The slightly humorous online database website "Dead People Server", keeping track of which famous people were still alive and which had died, lists Schrödinger's cat as <blink>not</blink> alive. The "blink" HTML tag causes the word "not" to blink, causing the text to alternate between "alive" and "not alive". This might be one of the very few legitimate uses of the notorious "blink" tag.

Schrödinger's cat in fiction

  • "Schrodinger's Cat" is a science fiction story written by Ursula K. Le Guin in 1974. It appeared in The Compass Rose, published in 1982. The story deals with Schrödinger's Cat, stoves and quantum decoherence.
  • In Lords and Ladies, by Terry Pratchett, the cat Greebo is placed in a box and enters a superposition of being Alive, Dead and Bloody Furious.
  • In the manga of Hellsing, there is a werewolf named Schrödinger.
  • In the roguelike computer game NetHack, monsters known as quantum mechanics may carry a chest containing Schrödinger's cat. When opened, there is a 50% chance of finding it dead and a 50% chance of it jumping out alive.
  • A cat named Schrödinger appeared in the television series Stargate SG-1.
  • A cat named Schrödinger also appeared in the television program Sliders. His owner, Quinn Mallory, studied Quantum Theory and invented a device to travel to other dimensions.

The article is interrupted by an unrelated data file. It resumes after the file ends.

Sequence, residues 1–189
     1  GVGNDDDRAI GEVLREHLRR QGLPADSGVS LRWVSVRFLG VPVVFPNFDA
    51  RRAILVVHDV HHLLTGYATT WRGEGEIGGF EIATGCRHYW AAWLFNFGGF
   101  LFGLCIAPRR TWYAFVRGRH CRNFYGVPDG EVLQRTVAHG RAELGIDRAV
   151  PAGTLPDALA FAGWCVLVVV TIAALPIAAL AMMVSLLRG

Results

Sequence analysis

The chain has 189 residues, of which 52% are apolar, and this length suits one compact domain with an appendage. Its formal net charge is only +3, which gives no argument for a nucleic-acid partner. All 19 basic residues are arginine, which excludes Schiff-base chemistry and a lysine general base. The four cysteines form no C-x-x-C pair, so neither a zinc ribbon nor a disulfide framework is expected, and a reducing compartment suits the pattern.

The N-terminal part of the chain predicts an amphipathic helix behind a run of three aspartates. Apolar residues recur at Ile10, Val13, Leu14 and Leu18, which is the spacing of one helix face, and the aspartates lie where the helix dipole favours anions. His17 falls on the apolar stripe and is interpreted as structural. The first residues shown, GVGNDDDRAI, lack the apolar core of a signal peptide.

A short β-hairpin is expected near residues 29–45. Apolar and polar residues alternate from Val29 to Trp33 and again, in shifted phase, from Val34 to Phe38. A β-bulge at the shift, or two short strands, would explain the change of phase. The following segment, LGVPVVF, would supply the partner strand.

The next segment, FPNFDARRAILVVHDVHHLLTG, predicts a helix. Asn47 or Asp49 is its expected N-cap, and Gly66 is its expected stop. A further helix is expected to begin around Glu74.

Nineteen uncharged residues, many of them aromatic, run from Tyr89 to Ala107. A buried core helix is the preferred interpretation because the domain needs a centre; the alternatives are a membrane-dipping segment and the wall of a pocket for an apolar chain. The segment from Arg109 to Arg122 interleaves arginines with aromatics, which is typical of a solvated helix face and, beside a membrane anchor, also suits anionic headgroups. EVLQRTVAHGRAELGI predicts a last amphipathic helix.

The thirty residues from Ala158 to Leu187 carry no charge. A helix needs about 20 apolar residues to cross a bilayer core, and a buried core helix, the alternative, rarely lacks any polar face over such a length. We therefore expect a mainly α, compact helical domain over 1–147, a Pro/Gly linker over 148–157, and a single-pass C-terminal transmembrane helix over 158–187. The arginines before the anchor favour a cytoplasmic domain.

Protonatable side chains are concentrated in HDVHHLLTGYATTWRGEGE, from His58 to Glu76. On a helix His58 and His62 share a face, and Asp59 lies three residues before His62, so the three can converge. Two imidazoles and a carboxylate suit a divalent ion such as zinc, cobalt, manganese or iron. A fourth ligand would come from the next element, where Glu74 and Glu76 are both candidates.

• A cat named Pixel in the classic Robert Heinlein novel, The Cat Who Walks Through Walls. The cat is affectionately termed "Schrödinger's Cat" due to his ability to be wherever his favorite person (in the case of the book, the narrator) is. His ability to walk through walls is due to the fact that Pixel does not know that it is impossible.
  • Dan Simmons' novel Endymion begins with hero Raul Endymion trapped in a Schrödinger cat box.
  • Steve Martin's 1998 book Pure Drivel includes a piece entitled "Schrödinger's Cat," which presents a summary of the theory, followed by several ficticious, nonsensical theories, including "Wittgenstein's Banana," "Apollo's Non-Apple Non-Strudel," and "Chef Boyardee's Bungee Cord" (which begins, "A bungee cord is hooked at one end to a neutrino, while the other end is hooked to a vibraphone...")
  • In the 40th anniversary Doctor Who audio book “Zagreus” produced by Big Finish and released in 2003, the Doctor is locked in a lead lined box that contains cyanide in an effort to explain his situation of being neither dead nor alive. Afterwards, the Doctor does mention he met Schrödinger’s Cat.
  • Schrödinger's Cat is discussed in "The Summer of Love" by Lisa Mason

See also

External links

de:Schrödingers Katze es:Gato de Schrödinger fr:Chat de Schrödinger it:Paradosso del gatto di Schrödinger he:החתול של שרדינגר nl:Schrödingers kat ja:シュレーディンガーの猫 pt:Gato de Schrödinger sv:Schrödingers katt